Experiments with live recombinant Ebola viruses were performed in BSL-4 containment at the Rocky Mountain Laboratories (RML), Division of Intramural Research (DIR), National Institute of Allergy and Infectious Diseases (NIAID), National Institutes of Health (NIH), USA following Standard Operating Procedures and approval by the Institutional Biosafety Committee.

DNA constructs generated in this study

A bicistronic reporter construct was generated in the plasmid pCAGGS [81] and cloned between EcoRI and BglII sites, organized as follows: EcoRI-firefly luciferase-KpnI-Sac I-EcoRV-NheI-Renilla luciferase-BglII. Templates for the firefly and Renilla luciferase were obtained from the plasmids pgl4.20 and pRLTK (Promega). The EMCV IRES was obtained from the pCITE-4a(+)-GFP plasmid (Novagen). Each of the EBOV 5′-UTRs (synthesized based on sequences from the strain Mayinga (AY142960.1)) were introduced in the multiple cloning site (MCS) between the firefly and Renilla luciferase sequences. GFP reporter mRNAs cloned into pGEMT (Promega) downstream of either a EBOV 5′-UTR or a β-actin 5′-UTR [82] were organized as follows: T7 promoter-5′UTR-SacI-GFP-FLAG. To accommodate the overlapping L uORF with the GFP ORF, the L 5′-UTR was cloned in the same manner as the other EBOV 5′-UTRs, between the T7 promoter and the SacI restriction site. The resulting construct preserved the nucleotides coding for the first 11 amino acids of the L uORF. Nucleotides coding for the C-terminal part of the uORF differed, as they were derived from both the SacI and GFP sequence.

An expression plasmid encoding L amino acids 1–505 was cloned into pCAGGS as follows: SacI-L 5′UTR-L, amino acids 1 to 505-FLAG-XhoI. This construct was also generated without the L uAUG (changed to UUG) in its 5′-UTR. An expression plasmid of L fused to firefly luciferase was constructed as: SacI-L 5′UTR-L, amino acids 1 to 13-firefly luciferase-XhoI.


293T, VeroE6 and A549 cells were maintained in Dulbecco's minimal essential medium with 10% fetal bovine serum and supplemented with L-glutamine and penicillin/streptomycin. To generate monocyte-derived human dendritic cells, buffy coats of anonymous healthy donors were obtained from the New York Blood Center (Long Island, NY) under approved protocols. CD14+ monocytes were isolated from buffy coats (MiltenyiBiotec) and differentiated for 7 days by culturing the cells in RPMI-1640 media supplemented with penicillin, streptomycin, 55 mM β-mercaptoethanol, 4% human serum AB (GemCell, Gemini Bio-Products, West Sacramento, CA), 500 U/ml human granulocyte-macrophage colony-stimulating factor (GM-CSF; Peprotech, Rocky Hill, NJ) and 500 U/ml human interleukin-4 (IL-4; Peprotech) [83].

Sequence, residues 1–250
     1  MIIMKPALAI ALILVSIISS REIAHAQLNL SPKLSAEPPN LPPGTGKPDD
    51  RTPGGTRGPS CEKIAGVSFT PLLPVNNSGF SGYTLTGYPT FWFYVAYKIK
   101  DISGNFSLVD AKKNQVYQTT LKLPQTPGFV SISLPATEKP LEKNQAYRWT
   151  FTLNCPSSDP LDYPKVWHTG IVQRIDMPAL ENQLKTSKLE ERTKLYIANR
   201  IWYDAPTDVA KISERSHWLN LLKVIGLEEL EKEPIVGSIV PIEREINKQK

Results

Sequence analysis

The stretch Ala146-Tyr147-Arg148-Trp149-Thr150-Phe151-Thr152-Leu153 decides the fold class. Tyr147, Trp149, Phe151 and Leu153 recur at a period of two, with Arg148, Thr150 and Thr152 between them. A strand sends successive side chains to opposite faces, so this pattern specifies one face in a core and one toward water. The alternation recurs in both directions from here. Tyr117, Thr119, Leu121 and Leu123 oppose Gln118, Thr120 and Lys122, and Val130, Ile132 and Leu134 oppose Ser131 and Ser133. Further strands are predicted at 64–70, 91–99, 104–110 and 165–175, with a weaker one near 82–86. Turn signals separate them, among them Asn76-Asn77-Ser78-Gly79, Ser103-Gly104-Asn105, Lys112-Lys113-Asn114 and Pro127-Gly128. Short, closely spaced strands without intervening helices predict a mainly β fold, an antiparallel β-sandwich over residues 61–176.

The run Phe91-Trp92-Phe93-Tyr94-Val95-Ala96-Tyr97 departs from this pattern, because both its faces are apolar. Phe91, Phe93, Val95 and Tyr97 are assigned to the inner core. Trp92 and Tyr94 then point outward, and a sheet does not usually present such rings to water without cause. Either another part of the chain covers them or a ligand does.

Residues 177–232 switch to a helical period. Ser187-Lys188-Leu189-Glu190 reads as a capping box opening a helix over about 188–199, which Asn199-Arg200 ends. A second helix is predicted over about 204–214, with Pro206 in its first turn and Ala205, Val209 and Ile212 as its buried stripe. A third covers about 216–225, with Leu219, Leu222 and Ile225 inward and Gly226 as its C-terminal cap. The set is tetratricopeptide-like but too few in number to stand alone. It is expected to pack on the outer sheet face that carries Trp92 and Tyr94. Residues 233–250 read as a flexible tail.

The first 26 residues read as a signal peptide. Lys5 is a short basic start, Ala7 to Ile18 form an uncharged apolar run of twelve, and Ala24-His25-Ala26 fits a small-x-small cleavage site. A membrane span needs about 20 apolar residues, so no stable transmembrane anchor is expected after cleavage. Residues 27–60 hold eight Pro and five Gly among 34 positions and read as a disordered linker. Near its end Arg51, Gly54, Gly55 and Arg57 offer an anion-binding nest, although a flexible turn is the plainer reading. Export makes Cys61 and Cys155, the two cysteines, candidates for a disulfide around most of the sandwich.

In vitro transcription of mRNAs encoding reporter genes

Each T7-5′UTR-GFP-FLAG reporter in pGEMT is flanked by NotI restriction sites and was excised by a NotI digest. Equivalent nanograms of each DNA template were used for T7 in vitro transcription (Ambion, Cat #AM1345). Each transcription reaction was DNase I treated to remove input template, polyadenylated, purified and resuspended in water according to the manufacturer's instructions. Each RNA sample was quantified, and equivalent nanogram amounts were reverse transcribed using random hexamer primers (Qiagen, Cat# 205111). Each cDNA was then subjected to real time quantitative PCR with primers specific for GFP (Bio-Rad C1000 Thermal Cycler). In addition, the quality of the RNA was analyzed by agarose gel electrophoresis to ensure a single product of the correct size. Both 293T cells and dendritic cells were transfected using Lipofectamine 2000 (Invitrogen) with either equal copy numbers of mRNA (determined by real time PCR) or equal nanograms of mRNA (both methods produced similar results). Cells were analyzed for GFP expression by flow cytometry and the mean fluorescence intensity of the GFP positive cells was determined for each group. Also total RNA was isolated from cells (Qiagen, Cat# 74104), and levels of GFP mRNA were determined by real time RT-PCR from the same cells subject to FACS analysis. GFP signal was normalized to either 18S ribosomal RNA or β-actin mRNA using primers previously described [84].

Western blots to measure levels of FLAG-tagged proteins

To measure the levels of pCAGGS L 1–505 with a C-terminal FLAG-tag, 293T cells were transfected with pCAGGS-GFP-FLAG, pCAGGS-VP35-FLAG, or pCAGGS L 1–505-FLAG by using Lipofectamine 2000 (Invitrogen). At 24 hours post transfection, cells were harvested, washed in phosphate-buffered saline (PBS) and lysed in NP-40 lysis buffer (50 mMTris [pH 7.5], 280 mM NaCl, 0.5% NP-40, 0.2 mM EDTA, 2 mM EGTA, 10% glycerol, and protease inhibitors [Complete; Roche]). Lysates were incubated on ice for 30 min, centrifuged for 10 min at 4°C in a microcentrifuge, and the supernatants collected. Samples were subjected to polyacrylamide gel electrophoresis and then transferred to a polyvinylidenedifluoride membrane. The membrane was blocked in 5% nonfat dry milk, 0.1% Tween 20 in PBS, and then probed with a monoclonal mouse M2 α-Flag primary antibody and a goat α-mouse secondary antibody (Sigma). Membranes were developed using a Western Lightning ECL kit (Perkin-Elmer) and BioMax film (Kodak).

Thapsigargin treatment and dual luciferase assays